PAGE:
About this object

History of use

Worn by Hamats!a dancer.


Mask came from Joe Seaweed's wife's family.

Iconographic meaning

Represents Crooked Beak of Heaven, Galugwadzawe', and Raven at the north end of the world, Gwaxgwaxwalanuxsiwe', servants of Cannibal at the north end of the world.

Physical description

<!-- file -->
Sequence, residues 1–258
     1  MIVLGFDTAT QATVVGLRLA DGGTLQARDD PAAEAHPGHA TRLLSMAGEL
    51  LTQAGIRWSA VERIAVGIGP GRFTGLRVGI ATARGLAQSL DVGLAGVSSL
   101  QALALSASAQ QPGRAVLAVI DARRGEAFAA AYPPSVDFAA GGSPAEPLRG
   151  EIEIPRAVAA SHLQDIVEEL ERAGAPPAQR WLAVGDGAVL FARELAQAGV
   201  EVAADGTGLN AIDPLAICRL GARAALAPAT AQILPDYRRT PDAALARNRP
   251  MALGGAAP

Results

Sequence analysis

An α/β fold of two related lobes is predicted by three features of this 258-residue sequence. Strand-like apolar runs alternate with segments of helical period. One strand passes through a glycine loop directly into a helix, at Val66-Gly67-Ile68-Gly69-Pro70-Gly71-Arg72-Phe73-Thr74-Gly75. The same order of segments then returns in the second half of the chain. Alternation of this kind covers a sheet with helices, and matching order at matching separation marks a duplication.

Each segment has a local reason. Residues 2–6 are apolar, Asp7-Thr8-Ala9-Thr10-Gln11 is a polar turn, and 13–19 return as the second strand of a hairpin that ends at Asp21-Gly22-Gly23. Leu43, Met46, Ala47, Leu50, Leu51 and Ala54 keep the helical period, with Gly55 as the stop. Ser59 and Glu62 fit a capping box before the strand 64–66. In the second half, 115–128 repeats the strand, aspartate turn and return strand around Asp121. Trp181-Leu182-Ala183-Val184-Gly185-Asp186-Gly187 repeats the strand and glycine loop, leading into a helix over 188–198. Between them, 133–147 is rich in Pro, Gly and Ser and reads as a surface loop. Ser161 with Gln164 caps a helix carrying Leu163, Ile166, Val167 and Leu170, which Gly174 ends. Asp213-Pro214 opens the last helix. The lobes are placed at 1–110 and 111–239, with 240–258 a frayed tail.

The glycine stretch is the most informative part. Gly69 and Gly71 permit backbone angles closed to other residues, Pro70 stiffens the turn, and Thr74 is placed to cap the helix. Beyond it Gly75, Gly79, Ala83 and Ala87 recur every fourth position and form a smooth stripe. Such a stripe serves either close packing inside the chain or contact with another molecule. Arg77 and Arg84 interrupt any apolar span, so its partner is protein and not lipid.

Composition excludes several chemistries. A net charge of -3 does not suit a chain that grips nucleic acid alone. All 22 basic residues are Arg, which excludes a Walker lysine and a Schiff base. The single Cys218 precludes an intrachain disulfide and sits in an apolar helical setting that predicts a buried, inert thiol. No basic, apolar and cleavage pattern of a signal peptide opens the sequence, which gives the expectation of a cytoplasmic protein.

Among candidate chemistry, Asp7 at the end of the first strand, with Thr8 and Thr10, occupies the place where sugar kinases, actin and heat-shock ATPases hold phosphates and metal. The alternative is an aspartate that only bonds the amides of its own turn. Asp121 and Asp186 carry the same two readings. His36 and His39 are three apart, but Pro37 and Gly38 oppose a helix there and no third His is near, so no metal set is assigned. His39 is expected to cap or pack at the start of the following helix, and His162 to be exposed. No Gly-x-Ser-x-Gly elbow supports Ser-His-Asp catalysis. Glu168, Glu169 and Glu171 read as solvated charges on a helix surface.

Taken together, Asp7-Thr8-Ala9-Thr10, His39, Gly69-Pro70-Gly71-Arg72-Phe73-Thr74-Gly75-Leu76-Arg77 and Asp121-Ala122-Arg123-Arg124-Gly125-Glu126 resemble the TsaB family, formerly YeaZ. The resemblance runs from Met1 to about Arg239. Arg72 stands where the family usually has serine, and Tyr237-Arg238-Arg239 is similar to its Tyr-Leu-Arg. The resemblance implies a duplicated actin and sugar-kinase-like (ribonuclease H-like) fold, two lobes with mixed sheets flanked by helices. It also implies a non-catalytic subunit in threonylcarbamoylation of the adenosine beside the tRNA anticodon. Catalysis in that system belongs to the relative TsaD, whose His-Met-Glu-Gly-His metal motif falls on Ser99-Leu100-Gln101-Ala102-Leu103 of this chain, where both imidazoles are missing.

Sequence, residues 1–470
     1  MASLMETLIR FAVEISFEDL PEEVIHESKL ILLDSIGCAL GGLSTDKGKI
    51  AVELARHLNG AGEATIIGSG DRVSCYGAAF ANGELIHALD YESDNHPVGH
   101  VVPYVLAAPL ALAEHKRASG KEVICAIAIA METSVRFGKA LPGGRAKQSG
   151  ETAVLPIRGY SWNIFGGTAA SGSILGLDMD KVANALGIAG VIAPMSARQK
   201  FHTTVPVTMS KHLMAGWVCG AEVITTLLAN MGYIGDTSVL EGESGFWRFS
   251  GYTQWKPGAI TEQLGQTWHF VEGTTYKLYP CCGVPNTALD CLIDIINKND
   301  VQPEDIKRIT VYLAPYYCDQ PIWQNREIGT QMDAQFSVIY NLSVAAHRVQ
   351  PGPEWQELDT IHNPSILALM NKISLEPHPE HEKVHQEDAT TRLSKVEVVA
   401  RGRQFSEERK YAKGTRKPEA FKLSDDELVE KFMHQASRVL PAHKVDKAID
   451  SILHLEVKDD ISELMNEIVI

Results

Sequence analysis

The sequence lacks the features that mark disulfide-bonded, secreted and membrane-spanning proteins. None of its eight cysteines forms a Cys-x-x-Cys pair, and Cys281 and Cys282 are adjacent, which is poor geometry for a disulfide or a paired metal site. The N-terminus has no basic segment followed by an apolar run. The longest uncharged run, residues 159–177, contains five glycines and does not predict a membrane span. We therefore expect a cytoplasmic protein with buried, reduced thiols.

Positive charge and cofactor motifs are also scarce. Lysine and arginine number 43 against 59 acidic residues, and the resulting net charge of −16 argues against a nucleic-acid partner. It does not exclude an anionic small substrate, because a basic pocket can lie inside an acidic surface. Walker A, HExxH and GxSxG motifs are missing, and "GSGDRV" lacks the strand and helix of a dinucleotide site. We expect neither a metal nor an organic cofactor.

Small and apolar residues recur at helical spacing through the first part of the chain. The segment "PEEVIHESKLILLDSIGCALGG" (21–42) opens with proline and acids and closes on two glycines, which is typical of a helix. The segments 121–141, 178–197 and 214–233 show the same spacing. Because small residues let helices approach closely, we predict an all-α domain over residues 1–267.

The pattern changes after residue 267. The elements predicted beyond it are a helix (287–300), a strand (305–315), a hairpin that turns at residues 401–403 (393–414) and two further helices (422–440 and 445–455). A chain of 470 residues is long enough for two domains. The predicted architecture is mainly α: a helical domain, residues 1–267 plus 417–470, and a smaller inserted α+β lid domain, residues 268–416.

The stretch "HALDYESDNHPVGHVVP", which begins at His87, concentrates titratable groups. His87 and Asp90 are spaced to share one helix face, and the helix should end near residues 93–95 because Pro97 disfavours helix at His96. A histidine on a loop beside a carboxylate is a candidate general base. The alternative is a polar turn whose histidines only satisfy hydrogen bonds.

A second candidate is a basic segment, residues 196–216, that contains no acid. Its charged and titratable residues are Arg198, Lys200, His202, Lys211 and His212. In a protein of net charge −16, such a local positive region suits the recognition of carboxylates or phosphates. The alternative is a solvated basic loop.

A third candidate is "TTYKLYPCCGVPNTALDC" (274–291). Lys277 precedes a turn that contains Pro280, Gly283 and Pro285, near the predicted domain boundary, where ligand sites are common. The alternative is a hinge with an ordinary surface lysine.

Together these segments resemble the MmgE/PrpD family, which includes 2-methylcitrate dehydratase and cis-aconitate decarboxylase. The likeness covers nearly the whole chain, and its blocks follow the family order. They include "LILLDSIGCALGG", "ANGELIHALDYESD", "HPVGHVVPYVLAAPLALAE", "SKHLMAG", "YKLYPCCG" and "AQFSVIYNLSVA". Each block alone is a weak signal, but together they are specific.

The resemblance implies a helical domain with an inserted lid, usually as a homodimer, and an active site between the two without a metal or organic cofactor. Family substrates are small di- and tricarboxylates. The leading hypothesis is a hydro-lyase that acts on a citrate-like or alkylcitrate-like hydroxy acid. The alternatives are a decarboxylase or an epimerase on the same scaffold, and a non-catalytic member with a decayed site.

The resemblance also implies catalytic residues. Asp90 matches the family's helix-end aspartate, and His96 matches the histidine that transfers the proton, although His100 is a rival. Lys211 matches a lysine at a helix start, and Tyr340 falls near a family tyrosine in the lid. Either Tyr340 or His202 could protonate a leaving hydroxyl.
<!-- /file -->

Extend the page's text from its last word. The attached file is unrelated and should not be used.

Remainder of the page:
Carved wooden, double headed Hamatsa mask consisting of crooked beak and raven mask joined at the back of each. Both have red, ovoid shaped cutout nostrils with red and white detailing around it. Both have a red mouth; one is long, narrow and protruding the other is flat, square shaped and protruding. On underside of crooked beak's lower jaw is a small carved thunderbird ? face with a beak that curves back into the open mouth; small bundles of cedar decorate the top edge of face. The eyes are black ovoids, outlined in white and red on a green ovoid shaped ground; the brow is black. The inside is hollow with the exception of twine which articulates the mask. Both masks have twisted cedar rope around the crown; crooked beak has cedar rope along the edge of the frill. Cedar bark and feathers decorate the top of both heads; tufts of eagle down intertwined. Attached to the top of the crooked beak are two black wooden horns that curl at the top; detailed with a red circle. The mask is painted black, red and white with Northwest Coast stylized forms.